The New Hampshire House of Representatives and Senate will open the 2018 legislative session on January 3rd and 4th by voting on several retained bills from the previous session. This is when all members of each chamber will vote YEA (to support the committee’s recommendation) or NAY (to oppose the recommendation). Although there are dozens, only a few pertain to educational options, including the most critical bill of the year, SB 193, the Education Savings Accounts bill. As always, our analysis and recommendations are below with legislators’ contact information at the end. Please contact your state representatives and senator over the holidays and mention you are a constituent.
WEDNESDAY, JANUARY 3 and THURSDAY, JANUARY 4, 2018, Rep Hall
The full NH House will vote on the following bills on the Regular Calendar. Because committee recommendations were divided, the bills may have more debate.
HB 505, establishing an independent commission as an additional authorizing entity for chartered public schools
Committee recommendation – Interim Study, vote 13 – 6
Position — NAY on Interim Study, SUPPORT the bill
Information — Interim study is essentially a kind way of killing the bill. This bill expands the persons or entities that may submit an application and incorporates the change proposed in HB 494 (2017) to require NH residency. This bill also creates a third authorizer, an independent chartered public-school commission. Although the subcommittee did not meet over the summer and fall, this is an option worth further consideration.
***SB 193, establishing education freedom savings accounts for students
Committee recommendation – Ought to Pass with Amendment, vote 10-9
Position – YEA on OTP/A, SUPPORT the bill
Information – This is, by far, the most important education bill of the year. The Education Freedom Savings Account bill shifts the locus of control from government bureaucrats to families, allowing parents additional options for their children based on their individual education needs using funds that the state had already dedicated for education on a per pupil basis. Shifting power from a government monopoly to families choosing in a market will spur innovation and better outcomes. This bill makes education providers directly accountable to parents who are free to choose alternatives when a school is not meeting expectations. Accountability directly to those who bear the consequences of a school’s performance is much superior to top-down regulatory accountability, as in our district school system. The bill also has multiple accountability mechanisms to ensure children meet academic performance standards and funds are applied to approved uses. Also, this bill is constitutional. The notoriously anti-Catholic “Blaine Amendment” prohibits the government from directly funding religious schools. As the Josiah Bartlett Center and Institute for Justice have pointed out, this bill doesn’t do that. Rather, it returns tax dollars directly to families who are empowered to choose a wide variety of schools and educational options, with or without a religious affiliation. It is also consistent with NH’s decades-long practice of allowing tax dollars to follow children to religious schools if the funds are used for educational and other non-sectarian purposes. Although all families should have access to their tax dollars, this bill allows lower-income families additional choices re where their children are educated and what methods are used for instruction. Wealthy families already have these options and the ESA empowers our most disadvantaged children including those in low-income households and students with IEP and 504 plans. Finally, the financial impact to local school districts is minimal. Even if 5% of eligible students participate – that is more than double the utilization in states with existing ESA programs – districts keep nearly 99% of their operating budget. This is well within normal enrollment fluctuations for any given year and is not a hardship to districts especially considering they no longer have the responsibility of educating those children. More ESA articles are available here.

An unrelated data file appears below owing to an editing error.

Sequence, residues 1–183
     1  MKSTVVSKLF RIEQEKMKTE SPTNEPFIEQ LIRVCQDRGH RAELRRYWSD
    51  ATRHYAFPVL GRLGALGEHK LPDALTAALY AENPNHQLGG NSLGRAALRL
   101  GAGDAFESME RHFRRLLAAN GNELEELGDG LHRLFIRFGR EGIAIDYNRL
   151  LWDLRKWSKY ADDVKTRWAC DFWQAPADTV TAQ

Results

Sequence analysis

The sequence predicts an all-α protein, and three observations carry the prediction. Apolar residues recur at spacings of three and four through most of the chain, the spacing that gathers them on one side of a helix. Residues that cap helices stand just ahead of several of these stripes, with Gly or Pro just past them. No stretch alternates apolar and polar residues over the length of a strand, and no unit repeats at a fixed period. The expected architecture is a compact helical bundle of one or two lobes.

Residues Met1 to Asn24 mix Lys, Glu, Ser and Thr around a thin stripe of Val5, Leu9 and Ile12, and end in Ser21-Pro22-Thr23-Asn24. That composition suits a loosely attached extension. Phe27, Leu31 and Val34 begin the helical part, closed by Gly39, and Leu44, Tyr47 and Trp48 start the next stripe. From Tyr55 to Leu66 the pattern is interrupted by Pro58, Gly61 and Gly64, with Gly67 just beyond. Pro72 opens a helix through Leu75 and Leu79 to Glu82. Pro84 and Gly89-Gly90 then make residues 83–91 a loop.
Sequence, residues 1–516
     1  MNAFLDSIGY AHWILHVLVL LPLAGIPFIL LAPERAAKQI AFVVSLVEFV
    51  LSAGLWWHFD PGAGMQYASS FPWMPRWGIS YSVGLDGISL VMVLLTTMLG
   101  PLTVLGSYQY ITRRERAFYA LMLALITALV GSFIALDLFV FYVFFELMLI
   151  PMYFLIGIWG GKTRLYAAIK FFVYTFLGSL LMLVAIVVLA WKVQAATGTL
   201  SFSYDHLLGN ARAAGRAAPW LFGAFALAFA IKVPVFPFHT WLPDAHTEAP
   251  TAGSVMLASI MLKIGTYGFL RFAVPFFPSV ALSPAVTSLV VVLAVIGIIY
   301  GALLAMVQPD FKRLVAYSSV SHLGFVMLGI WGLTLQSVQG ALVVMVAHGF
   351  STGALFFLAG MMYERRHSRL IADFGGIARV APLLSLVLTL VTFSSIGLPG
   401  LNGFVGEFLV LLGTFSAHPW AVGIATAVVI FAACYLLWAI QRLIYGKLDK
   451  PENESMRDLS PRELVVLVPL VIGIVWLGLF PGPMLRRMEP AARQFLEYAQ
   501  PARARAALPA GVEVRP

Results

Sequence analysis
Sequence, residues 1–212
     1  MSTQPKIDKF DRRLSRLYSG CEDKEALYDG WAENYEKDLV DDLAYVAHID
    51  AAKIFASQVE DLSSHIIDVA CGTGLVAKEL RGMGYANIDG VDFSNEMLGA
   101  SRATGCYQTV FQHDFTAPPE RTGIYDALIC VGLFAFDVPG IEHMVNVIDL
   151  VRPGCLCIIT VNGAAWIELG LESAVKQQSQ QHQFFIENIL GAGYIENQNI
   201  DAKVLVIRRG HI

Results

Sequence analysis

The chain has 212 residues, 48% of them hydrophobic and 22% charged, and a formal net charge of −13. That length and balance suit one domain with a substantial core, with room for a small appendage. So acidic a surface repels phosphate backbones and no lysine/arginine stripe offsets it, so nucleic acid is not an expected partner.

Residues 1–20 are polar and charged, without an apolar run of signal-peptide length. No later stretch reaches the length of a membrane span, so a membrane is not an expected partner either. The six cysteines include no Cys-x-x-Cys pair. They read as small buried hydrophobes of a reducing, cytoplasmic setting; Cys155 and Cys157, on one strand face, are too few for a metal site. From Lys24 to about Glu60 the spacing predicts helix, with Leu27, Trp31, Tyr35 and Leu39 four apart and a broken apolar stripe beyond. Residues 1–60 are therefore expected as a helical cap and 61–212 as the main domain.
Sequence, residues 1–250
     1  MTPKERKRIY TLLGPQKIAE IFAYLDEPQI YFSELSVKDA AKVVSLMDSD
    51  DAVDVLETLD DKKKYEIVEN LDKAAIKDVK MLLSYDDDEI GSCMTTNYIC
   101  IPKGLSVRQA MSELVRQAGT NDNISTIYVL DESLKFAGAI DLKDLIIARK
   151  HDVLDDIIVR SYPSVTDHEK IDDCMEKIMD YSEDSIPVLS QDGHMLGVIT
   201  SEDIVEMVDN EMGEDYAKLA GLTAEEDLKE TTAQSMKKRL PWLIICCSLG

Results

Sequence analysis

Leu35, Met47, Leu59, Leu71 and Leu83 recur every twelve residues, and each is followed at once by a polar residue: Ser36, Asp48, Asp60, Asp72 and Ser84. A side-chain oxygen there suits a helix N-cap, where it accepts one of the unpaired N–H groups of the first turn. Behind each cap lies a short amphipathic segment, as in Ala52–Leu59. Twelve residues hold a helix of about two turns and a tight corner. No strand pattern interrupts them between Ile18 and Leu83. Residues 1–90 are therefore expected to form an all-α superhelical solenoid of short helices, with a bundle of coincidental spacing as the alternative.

WEDNESDAY, JANUARY 3 and THURSDAY, JANUARY 4, 2018, Senate Chamber
The full NH Senate will vote on the following bill on the Regular Calendar.
HB 122, relative to withdrawal from a cooperative school district
Committee recommendation — Ought to Pass, vote 4-0
Position — NAY on OTP, OPPOSE the bill
Information — Although well intended, this bill does not resolve the problems smaller districts have when trying to dissolve cooperative agreements with larger neighboring districts. It also does not address the financial aspects of withdrawal, a substantive issue involved in these cases. The study committee formed by HB 1303 (2016) is putting forward three bills in 2018 that better address the imbalance of power and financial issues between large and small districts. This position is in consultation with members of the School District Governance Association of NH and members of various local school boards.
THURSDAY, JANUARY 11, 2018: HOME EDUCATION ADVISORY COUNCIL (HEAC)
3:30pm, Department of Education, Londergan Hall, 101 Pleasant Street, Concord
This is the regular bi-monthly meeting of the Home Education Advisory Council. The room location changes so inquire at the front desk where they are meeting. It is open to the public.
To find your Representatives, go to Who’s My Legislator. Brief and polite phone calls and emails are effective, especially if you mention you are a constituent. Personal stories can be very compelling and memorable. Mass emails are far less effective, but the email for all Reps is firstname.lastname@example.org.
To find your NH senator, and his or her contact information, refer to the senate’s roster page, or you can email all of them at email@example.com.